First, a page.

Recently in Malachi M. v. Quintina Q., the SJC held that: [P]ursuant to G.L. c. 208, § 31A, the judge at a modification proceeding must consider evidence of both past and present abuse, including evidence of domestic abuse that occurred prior to the entry of the divorce judgment, and must address the applicability of the rebuttable presumption, even in the absence of evidence of abuse occurring after the divorce judgment.
In Foisie v. Worcester Polytechnic, Institute (September 30, 2019), the United States District Court for the District of Massachusetts allowed a Motion to Dismiss where a former wife brought claims of fraudulent transfer and/or constructive fraudulent transfer against Worcester Polytechnic Institute ("WPI") located in Massachusetts under Connecticut law. The former wife alleged that the assets donated to WPI by her former husband were hidden from her during their divorce, and that the donation was intended to defraud her.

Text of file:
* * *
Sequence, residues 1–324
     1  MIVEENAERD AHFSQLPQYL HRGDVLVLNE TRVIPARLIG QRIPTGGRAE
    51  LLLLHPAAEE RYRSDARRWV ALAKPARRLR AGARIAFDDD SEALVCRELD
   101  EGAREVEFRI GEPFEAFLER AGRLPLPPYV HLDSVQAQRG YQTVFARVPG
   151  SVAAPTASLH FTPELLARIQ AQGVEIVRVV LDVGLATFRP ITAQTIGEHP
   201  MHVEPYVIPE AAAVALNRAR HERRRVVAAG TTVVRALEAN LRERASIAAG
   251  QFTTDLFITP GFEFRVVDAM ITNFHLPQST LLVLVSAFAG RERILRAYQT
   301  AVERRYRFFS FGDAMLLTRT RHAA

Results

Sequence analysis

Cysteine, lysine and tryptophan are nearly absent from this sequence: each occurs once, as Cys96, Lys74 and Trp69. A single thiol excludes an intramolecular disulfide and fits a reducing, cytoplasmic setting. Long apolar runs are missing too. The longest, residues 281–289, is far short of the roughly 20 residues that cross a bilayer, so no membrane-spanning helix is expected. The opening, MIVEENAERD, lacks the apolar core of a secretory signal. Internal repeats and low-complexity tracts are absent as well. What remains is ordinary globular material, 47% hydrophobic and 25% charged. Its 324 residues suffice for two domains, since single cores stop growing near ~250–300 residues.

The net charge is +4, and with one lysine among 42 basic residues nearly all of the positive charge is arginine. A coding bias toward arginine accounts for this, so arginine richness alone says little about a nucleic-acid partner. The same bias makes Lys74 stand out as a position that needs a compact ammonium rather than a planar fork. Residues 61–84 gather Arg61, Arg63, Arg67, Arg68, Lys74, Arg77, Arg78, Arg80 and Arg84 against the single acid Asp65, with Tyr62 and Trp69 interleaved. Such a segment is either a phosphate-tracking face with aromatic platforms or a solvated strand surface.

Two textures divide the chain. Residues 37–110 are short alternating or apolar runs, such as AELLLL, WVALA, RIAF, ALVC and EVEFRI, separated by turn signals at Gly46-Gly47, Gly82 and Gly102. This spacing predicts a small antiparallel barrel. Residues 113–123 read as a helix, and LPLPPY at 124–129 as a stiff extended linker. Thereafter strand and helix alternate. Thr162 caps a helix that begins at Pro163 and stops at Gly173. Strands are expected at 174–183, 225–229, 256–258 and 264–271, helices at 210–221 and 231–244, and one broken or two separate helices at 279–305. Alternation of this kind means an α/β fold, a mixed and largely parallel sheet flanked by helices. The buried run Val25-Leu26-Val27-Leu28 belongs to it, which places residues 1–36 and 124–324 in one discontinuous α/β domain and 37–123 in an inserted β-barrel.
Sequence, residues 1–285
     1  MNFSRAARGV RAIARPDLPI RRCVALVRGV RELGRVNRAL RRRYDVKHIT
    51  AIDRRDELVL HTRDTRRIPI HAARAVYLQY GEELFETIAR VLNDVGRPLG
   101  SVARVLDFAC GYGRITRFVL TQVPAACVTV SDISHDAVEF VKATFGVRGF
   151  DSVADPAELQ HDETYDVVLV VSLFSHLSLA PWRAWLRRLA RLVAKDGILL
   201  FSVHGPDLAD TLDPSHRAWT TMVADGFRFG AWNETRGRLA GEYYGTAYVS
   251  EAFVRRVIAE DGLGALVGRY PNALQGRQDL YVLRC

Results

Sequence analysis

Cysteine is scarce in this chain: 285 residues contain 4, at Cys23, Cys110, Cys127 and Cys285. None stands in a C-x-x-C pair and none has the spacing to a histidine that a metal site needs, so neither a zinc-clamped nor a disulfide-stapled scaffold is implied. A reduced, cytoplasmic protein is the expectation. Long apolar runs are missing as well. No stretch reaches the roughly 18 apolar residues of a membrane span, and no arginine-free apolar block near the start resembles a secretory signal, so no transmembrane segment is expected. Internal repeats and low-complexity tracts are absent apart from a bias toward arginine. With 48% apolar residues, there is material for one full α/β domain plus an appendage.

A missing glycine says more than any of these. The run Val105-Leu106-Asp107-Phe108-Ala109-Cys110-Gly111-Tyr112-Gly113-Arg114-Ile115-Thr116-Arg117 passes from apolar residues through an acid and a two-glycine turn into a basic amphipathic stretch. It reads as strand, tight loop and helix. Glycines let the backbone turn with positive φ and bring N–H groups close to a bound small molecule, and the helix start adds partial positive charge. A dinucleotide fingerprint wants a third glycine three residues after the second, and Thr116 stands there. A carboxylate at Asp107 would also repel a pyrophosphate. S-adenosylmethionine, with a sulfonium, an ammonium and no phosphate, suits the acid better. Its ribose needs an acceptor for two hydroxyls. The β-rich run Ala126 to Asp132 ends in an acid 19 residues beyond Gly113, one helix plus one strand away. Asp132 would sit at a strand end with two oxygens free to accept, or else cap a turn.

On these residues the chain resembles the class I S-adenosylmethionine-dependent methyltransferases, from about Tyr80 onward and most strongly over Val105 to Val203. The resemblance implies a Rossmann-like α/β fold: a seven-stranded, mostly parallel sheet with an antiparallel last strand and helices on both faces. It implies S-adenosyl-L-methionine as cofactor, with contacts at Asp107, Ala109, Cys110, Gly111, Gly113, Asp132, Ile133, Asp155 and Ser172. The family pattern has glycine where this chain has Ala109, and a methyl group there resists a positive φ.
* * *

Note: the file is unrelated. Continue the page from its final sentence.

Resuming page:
The Massachusetts Appeals Court recently upheld the "non-modifiability" of surviving alimony agreements under the Alimony Reform Act of 2011 ("act"). The case is called Lalchandani v. Roddy.
In an earlier post, we discussed the initial pleadings and discovery stages of a lawsuit. This post will address the pre-trial and trial stages.
To make it easier for parties who enter written agreements for modification to have such agreements incorporated into enforceable court judgments or orders, Rule 412 has been expanded beyond judgments and orders regarding solely child support, and now include uncontested modifications of other child-related judgments and orders, including those related to custody and medical insurance coverage.
Amendments to Supplemental Probate Court Rule 412, which currently provides the method by which a child support judgment may be modified by agreement, may soon be expanded to include a method by which parties to an action may seek to modify, by agreement, any judgment or temporary order of the Probate and Family Court. (That said, actions under M.G.L. 209A, which govern abuse prevention orders, are specifically excluded from the modification procedures outlined in Supplemental Probate Court Rule 412.)